Home Features Indra Jatra: Showcasing Nepal’s Indigenous Festivals
September 6, 2022

Indra Jatra: Showcasing Nepal’s Indigenous Festivals

Special Features:

  • Festival of chariot processions
  • Masked dances (Lakhe dance)
  • Religious enactments
  • Living Goddess Kumari becomes the center of celebrations
  • Lights and colors
  • Huge mass participation in dragging the wooden chariot in the procession
  • Involvement of the Newar community
  • Chariot procession passes through various parts of Kathmandu
  • Eight day-long festival

Indra Jatra is one of the most exciting indigenous cultural festivals celebrated among the Indigenous Newar community in Kathmandu valley that usually falls in the month of September each year.

The festival time for Indra Jatra

This year, September 9 is set aside for this festival which is one of the most exciting as well as revered festivals of the Newar community of Kathmandu valley. The festival also marks the beginning of a month-long festival season of autumn. It begins with the erection of a wooden pole made of pine at Basantapur Square in front of the old Hanuman Dhoka Palace.

For the pole-raising ceremony, hundreds of spectators gather at the Palace Square and in the surrounding temples. The chariot of Kumari, the Living Goddess, is taken out in a procession through the main streets of Kathmandu.

Lankhey dancers (masked dancers) dance on the streets to the tunes of drums almost every evening. Indra Jatra is celebrated as a festival to commemorate the time when Indra came down from heaven in human form to look for an herb. Kathmandu Durbar Square and ancient palace buildings are aglow with oil wicks on each night of Indra Jatra.

Each night on the platform in front of the temple of the Living Goddess, there is an enactment depicting the ten earthly incarnations of Lord Vishnu. The large image of Akash Bhairab’s head is put on display out in the open directly facing his temple at Indra Chowk.

Indrajatra
In the afternoon of the day before the full moon, ecstatic mobs gather near Hanuman Dhoka Palace for the long-awaited Living Goddess’ chariot procession to have a glimpse of the revered little Newar girl who has been deified as Kumari representing Goddess Taleju.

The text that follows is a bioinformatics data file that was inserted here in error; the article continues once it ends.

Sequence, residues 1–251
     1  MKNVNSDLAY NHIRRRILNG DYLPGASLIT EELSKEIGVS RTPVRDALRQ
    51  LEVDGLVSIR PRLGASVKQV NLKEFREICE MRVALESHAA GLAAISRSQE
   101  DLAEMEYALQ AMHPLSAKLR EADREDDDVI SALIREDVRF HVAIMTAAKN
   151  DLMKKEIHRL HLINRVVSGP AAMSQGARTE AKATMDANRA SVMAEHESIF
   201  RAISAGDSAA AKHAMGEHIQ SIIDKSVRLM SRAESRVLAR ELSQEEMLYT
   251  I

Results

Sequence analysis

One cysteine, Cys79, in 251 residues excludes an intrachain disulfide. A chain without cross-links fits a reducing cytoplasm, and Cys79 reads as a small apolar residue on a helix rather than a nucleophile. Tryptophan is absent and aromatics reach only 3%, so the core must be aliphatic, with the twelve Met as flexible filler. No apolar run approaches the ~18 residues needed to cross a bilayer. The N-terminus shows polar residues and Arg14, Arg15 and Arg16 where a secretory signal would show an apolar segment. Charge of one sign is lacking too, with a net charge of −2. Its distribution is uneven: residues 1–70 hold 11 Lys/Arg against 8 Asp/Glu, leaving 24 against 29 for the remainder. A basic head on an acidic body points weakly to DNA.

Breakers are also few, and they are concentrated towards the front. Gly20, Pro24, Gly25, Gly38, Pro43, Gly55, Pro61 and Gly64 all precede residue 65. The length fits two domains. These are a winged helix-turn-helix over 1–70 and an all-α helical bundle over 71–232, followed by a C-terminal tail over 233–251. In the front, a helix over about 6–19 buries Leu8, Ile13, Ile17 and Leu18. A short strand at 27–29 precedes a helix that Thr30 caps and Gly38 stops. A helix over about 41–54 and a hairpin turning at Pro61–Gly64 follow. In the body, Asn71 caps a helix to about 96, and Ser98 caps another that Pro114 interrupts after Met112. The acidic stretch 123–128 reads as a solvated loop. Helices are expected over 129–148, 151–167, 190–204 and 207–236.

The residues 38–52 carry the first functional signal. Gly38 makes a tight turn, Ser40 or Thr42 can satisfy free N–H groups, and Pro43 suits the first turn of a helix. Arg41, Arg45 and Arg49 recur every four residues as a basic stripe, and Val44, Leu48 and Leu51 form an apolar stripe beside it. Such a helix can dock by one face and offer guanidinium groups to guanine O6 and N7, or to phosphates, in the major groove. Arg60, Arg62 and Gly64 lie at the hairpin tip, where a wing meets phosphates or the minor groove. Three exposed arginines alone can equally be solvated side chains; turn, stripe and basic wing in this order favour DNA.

The chariot of the Kumari followed by two other smaller chariots carrying a representative of Ganesh and Bhairav is taken to different parts of the old Kathmandu in procession through the narrow alleys where people gather to watch and pay homage.

The festival of Indra Jatra ends with the lowering of the (lingam) pole bearing Indra’s flag amidst religious ceremonies.

Indra Jatra is also an exuberant festival to honor the recently deceased one in the family and to pay homage to the Hindu god Indra and his mother Dagini, to ensure they bless the coming harvest.

The legend behind this festival:

There is a legend behind this festival according to which once upon a time Indra the God of heaven came down to Kathmandu valley to pick up a flower that his mother Dagini wanted to use in a religious ritual. Indra picked up the flower and as he was about to go to heaven he was caught and taken into custody by the people of Kathmandu valley.

On hearing about this, his mother Dagini came down in Kathmandu valley and asked for his son to be released. When the people came to know that their captive was none other than Indra himself, they immediately released him.

Upon his release, his mother Dagini blessed the people with a good harvest and also assured them that she would take them to heaven who died in the previous years. Since then people started celebrating this commemorative festival. Hence it got its name Indra Jatra.

Celebration of Indra Jatra also involves living goddess Kumari taking part in this festival by being allowed to be out of their houses. When they do participate, their feet are not allowed to touch the earth, so they must be carried or walk on special carpets.

When the Kumari reach puberty, they return to normal life – the bleeding shows their human nature. That means that if they bleed at all from even an accidental cut, they stop being Kumari.

Two boys playing the roles of the gods Ganesh and Bhairab (the most fearsome form of Shiva) accompany the  Kumari in a procession to the royal palace, where it stops in front of the 12-foot mask of the Bhairab.

This day also marks the day of 1768 when Prithwi Narayan Shah conquered the Kathmandu Valley during this festival.

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